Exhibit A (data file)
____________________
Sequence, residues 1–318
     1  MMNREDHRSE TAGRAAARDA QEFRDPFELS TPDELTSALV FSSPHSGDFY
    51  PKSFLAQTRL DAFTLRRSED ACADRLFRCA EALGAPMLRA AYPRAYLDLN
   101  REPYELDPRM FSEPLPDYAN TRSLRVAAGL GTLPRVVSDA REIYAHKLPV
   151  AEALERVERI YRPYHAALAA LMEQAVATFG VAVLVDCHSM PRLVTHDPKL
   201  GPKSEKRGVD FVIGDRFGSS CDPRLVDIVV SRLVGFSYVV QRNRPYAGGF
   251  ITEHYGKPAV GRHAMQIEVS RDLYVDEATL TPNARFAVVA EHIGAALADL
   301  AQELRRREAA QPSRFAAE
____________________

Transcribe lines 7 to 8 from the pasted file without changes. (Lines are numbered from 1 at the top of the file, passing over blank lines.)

   251  ITEHYGKPAV GRHAMQIEVS RDLYVDEATL TPNARFAVVA EHIGAALADL
   301  AQELRRREAA QPSRFAAE